Thank you [Jim McLaughlin] for your kind introduction. Thank you, Maria. I remember when you were thinking of taking on the Human Life Review after your father’s death, I said, please continue it because you’re our intellectual sustenance. We’re in the field, and on weekends we read the Human Life Review to be stronger for Monday. So, thank you, Maria, for continuing the Human Life Review.
A pregnancy center—what is it, and what do we do? We’re the very first contact. We’re the frontline. We’re just a voice sometimes. And the voice we train for months, just to learn how to say, “Hello, may I help you?” We know that the woman on the other end of the line is nervous, she’s scared. She has probably just done a pregnancy test, maybe two. And every fiber of her being knows that nothing will ever be the same in her life. She hasn’t decided yet if she’s going to tell her boyfriend, her mother, the people around her. She’s lost. At our end, at the end of the pregnancy center, we know there’s a life, the life of a child, at stake, and also the life of the mother—her spiritual life. We know that. And we also know that it’s going to take everything we’ve got to save them both. We know that. We really are at the frontline of this enormous national conversation that has shaken the American soul since 1973.
Because, when a pregnancy is there, it’s no longer about if the mother is pro-life or pro-women’s right to choose. For her, it’s really about “What am I going to do today, who am I going to tell, how am I going to make it through the next week?”
Pregnancy Help opened in 1994. It was quite funny that we were renting the front office of a Jewish foot doctor on West 14th St. When I explained to him what we were going to do, I said, “Well, we help women.” With a broad, reassuring smile, he said, “Well, help them from here.” So I signed a lease with him. He had a very foggy idea about what we did, but he liked us, and we had a wonderful 25-year relationship with him.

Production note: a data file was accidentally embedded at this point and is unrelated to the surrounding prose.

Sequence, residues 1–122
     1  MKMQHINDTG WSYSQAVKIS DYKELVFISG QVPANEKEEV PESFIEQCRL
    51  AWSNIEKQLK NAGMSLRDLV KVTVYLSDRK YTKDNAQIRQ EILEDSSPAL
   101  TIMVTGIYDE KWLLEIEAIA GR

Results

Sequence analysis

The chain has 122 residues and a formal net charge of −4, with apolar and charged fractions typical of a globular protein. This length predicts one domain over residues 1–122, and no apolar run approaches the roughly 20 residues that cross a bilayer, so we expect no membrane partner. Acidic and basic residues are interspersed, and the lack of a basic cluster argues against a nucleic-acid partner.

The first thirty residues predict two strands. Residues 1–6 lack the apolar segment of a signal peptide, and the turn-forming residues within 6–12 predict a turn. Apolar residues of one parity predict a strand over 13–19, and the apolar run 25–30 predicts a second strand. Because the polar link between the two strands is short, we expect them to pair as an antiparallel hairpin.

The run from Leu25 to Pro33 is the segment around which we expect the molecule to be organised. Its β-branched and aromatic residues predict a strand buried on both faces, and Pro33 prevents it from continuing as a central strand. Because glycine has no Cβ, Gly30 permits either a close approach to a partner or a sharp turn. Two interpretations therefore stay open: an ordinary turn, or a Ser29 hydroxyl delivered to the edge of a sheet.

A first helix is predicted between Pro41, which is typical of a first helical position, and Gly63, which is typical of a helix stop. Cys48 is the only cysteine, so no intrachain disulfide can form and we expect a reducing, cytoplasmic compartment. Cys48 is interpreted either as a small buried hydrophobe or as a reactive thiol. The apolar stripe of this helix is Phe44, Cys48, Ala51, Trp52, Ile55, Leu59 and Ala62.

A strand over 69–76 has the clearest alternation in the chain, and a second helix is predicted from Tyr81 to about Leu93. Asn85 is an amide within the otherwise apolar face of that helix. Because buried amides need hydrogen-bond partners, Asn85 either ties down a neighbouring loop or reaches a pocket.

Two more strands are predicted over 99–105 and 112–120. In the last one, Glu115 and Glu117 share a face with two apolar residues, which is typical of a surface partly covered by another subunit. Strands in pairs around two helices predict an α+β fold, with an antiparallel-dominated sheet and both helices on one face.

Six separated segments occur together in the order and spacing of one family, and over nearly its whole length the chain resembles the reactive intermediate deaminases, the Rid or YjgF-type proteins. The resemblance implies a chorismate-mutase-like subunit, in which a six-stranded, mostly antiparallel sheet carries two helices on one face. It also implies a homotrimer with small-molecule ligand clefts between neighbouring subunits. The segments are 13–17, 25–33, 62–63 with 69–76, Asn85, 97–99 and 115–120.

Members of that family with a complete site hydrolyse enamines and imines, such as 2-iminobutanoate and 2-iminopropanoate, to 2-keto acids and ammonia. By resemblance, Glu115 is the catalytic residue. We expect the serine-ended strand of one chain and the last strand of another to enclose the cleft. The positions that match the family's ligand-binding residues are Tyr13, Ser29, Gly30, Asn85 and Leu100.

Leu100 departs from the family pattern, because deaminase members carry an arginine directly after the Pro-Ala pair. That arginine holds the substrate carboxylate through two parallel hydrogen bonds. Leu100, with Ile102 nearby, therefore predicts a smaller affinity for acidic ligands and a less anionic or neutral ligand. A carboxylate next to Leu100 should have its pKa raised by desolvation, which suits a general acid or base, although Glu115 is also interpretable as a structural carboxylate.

It’s been almost 30 years since then. Over 30,000 women have contacted us. And, I think we can safely say that there are over 5000 children alive today because their mothers called Pregnancy Help. Last June, I was walking down Second Avenue, and a voice says “Anne Manice.” This woman, sitting at a table having coffee, was Christie, our very, very first client. Her daughter Rosa Sophia is a graduate of Hunter College. She showed me a picture of her, and we have each other’s cell-phone numbers.
In those early years, we advertised in the (now defunct) yellow pages and in El Diario and other daily papers. But I am here tonight to introduce you to Nicole Moore, who is now the Director of Pregnancy Help. She reaches out to needy women on the Internet, on Facebook and Instagram. Nicole has even counseled women on Zoom! Things we couldn’t imagine twenty years ago.
Last week, Nicole called me about a small matter. My husband and I were driving upstate, and within minutes of our conversation the tone of her voice changed: “Anne,” she said, “this summer we saved four babies.” My heart skipped a beat—good thing I wasn’t driving—and I knew that the work of Pregnancy Help continues strong and well in the hands of Nicole. So, thank you, Maria, for tonight. And thank you, Nicole, for being today’s warrior for life.